Chris Bosh not starting; will play
"I'm looking forward to a huge opportunity tonight," said Bosh, who missed nine games with an abdominal strain. "Starting doesn't matter; I just want to play. Starting is irrelevant at this point; I just want to be on the court."
As with all the players who have played center for the Heat in the series, Bosh isn't really a true center. He and the others spent most of their careers at power forward.
LeBron James said all the changes have had a wearing effect on the team as a whole.
"It's been challenging not just for those of us who have been constants in the starting lineup but for those guys who have been in and out, not knowing if they're going to start or not," James said Thursday as the Heat prepared for an elimination game against the Boston Celtics.
The Heat have started five different players at center this season and seven over the last two years. They are Bosh, Joel Anthony, Udonis Haslem, Ronny Turiaf, Dexter Pittman, Erick Dampier and Zydrunas Ilgauskas. Three other veterans, Juwan Howard, Jamaal Magloire and Eddy Curry, have played minutes at center off the bench.
"It's been a challenge for all of us," said James, who also has played minutes at center in the series with the Celtics.
"At times it's been hard to get a rhythm starting the game or starting the third quarter. That has been a rotating door for the last two years, not just this series. There's Joel, C.B., U.D. at times, Ronny and Damp and Z. The list goes on in just two years."
The Heat were left without a center when they let Jermaine O'Neal go in 2010 to clear salary-cap space to sign James and Bosh. The team has put the rest of its significant free-agent dollars into wing players like Mike Miller and Shane Battier. The Heat have not made center a priority and instead have attempted to sign players at the end of their careers, to develop young and unproven players and this season mostly have just rotated in the power forwards on their roster to the spot.
Scott Van Pelt
PTI's Michael Wilbon says Game 6 against the Celtics is an opportunity for LeBron James, Dwyane Wade, Chris Bosh and the Heat to change the storyline and prove their mettle.
The impact has been varied. The Heat have been successful as a team but last season in the Finals, Tyson Chandler played a huge role because he was able to freelance defensively and not worry about guarding his man. The scenario has repeated in the conference finals this season with Kevin Garnett able to "float," as Heat players have called it, and provide help defense that has disrupted the Heat's offensive rhythm.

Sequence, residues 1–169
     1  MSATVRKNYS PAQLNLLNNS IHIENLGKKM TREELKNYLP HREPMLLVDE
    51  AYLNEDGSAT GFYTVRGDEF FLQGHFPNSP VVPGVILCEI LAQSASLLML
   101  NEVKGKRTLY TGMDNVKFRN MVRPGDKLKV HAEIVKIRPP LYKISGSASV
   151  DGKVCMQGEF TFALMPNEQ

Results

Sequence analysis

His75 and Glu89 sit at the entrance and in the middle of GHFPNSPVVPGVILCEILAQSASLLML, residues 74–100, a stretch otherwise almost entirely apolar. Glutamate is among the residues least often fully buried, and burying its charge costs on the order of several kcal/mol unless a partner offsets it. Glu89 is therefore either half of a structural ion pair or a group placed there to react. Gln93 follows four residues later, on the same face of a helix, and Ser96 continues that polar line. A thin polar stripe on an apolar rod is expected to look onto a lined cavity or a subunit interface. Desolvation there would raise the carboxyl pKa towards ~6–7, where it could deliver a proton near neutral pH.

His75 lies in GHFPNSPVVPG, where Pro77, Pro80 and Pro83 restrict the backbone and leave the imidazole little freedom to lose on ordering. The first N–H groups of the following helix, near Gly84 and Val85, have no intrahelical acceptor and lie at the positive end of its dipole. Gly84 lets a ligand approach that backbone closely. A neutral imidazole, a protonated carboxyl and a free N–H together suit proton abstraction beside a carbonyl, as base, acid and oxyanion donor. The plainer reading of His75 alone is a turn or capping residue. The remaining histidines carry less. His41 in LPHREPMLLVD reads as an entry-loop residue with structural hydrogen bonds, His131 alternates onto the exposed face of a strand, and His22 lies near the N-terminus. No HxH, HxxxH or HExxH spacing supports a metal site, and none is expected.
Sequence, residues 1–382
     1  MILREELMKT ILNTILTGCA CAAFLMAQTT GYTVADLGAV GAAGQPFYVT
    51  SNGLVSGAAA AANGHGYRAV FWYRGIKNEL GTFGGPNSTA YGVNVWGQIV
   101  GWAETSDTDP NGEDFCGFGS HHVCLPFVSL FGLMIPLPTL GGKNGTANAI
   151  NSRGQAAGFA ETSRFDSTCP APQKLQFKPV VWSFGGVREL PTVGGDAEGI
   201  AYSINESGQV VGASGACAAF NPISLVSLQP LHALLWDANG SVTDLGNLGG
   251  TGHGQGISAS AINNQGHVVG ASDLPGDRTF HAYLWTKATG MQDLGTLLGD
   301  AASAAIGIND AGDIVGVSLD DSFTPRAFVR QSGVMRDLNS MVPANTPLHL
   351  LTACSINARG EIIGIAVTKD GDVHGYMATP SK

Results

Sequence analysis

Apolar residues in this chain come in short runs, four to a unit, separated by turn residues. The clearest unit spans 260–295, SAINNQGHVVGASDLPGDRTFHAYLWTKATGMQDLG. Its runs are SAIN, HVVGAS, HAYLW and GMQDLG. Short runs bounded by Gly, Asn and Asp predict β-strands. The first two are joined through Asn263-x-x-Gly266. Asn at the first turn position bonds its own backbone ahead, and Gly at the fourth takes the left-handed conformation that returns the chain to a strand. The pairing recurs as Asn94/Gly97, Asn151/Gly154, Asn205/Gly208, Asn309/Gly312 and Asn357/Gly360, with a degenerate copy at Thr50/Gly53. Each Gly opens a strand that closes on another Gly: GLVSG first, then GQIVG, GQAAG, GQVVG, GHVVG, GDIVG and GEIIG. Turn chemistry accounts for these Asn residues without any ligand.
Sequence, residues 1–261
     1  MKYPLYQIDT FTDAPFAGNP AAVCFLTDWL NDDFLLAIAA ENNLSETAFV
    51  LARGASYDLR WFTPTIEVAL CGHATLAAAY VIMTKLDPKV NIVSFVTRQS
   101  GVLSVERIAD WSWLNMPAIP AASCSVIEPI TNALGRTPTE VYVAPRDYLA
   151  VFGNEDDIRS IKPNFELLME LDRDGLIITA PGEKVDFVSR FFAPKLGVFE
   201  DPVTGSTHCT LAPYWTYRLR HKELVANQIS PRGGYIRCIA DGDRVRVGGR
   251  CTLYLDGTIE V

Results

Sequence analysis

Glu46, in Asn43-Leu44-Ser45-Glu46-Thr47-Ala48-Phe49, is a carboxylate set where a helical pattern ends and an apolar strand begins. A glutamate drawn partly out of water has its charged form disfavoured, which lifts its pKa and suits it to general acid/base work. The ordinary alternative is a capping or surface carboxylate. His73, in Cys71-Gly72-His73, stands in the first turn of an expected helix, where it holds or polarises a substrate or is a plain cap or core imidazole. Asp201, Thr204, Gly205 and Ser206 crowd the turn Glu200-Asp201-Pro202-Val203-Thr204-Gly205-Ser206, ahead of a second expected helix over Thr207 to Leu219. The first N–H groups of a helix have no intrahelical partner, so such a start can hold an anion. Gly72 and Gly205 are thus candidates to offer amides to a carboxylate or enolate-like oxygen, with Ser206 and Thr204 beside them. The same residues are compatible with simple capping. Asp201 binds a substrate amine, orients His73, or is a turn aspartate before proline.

"They are playing me differently than they've ever played me before," said Dwyane Wade, who has seen regular double teams in the series. "KG is able to play safety out there."
After last season, team president Pat Riley said getting a big man was an offseason priority.
"We would like to get size," Riley said last summer after the Heat lost in the Finals. "I don't know if you're going to get a back-to-the-basket player but we'd like to get size and things of that nature inside that might be a little bit more athletic with great length."
With so much money tied up in James, Bosh and Wade, the Heat have not been a player for top free agents. Then they made Battier their top target in free agency in December and spent most of their money on him. The Heat also have limited trade assets and have traded away four first-round draft picks in deals to get James and Bosh.
The only big man the Heat have signed since last season is Turiaf, who they picked up in March after he was cut by the Denver Nuggets. Two weeks later Turiaf was the starting center, an indication of just what sort of situation the team was in.
"Guys are going to have to play bigger," Riley said in December when he explained why he had not gone with his stated plan of getting a big man.
Spoelstra, who has resorted to playing Battier at power forward to deal with his team's size issues during the playoffs, has given the same answer routinely when asked about the big man situation over the last two years.
"We feel we have enough," Spoelstra has often said.
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